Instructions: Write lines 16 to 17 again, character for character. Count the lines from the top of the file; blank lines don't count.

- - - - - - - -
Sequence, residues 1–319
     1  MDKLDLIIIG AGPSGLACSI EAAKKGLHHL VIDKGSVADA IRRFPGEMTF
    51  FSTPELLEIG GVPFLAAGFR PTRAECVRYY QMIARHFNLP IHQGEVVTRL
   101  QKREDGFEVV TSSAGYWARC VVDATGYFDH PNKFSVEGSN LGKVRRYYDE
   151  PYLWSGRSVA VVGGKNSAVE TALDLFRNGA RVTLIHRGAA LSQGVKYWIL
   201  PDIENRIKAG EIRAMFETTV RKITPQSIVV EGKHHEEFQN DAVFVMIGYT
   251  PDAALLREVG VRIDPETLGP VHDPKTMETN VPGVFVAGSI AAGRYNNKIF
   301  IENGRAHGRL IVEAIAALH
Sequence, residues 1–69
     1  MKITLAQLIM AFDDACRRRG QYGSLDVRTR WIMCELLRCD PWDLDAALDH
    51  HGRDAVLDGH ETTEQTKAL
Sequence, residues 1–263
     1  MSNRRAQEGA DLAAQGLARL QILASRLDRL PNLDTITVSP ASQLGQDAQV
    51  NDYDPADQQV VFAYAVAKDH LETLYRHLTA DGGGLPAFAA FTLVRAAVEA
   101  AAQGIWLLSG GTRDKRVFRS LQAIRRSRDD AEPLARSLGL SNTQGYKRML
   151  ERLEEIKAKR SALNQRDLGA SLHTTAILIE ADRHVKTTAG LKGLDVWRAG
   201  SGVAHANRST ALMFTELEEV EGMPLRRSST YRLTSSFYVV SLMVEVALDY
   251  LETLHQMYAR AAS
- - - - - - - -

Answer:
   151  ERLEEIKAKR SALNQRDLGA SLHTTAILIE ADRHVKTTAG LKGLDVWRAG
   201  SGVAHANRST ALMFTELEEV EGMPLRRSST YRLTSSFYVV SLMVEVALDY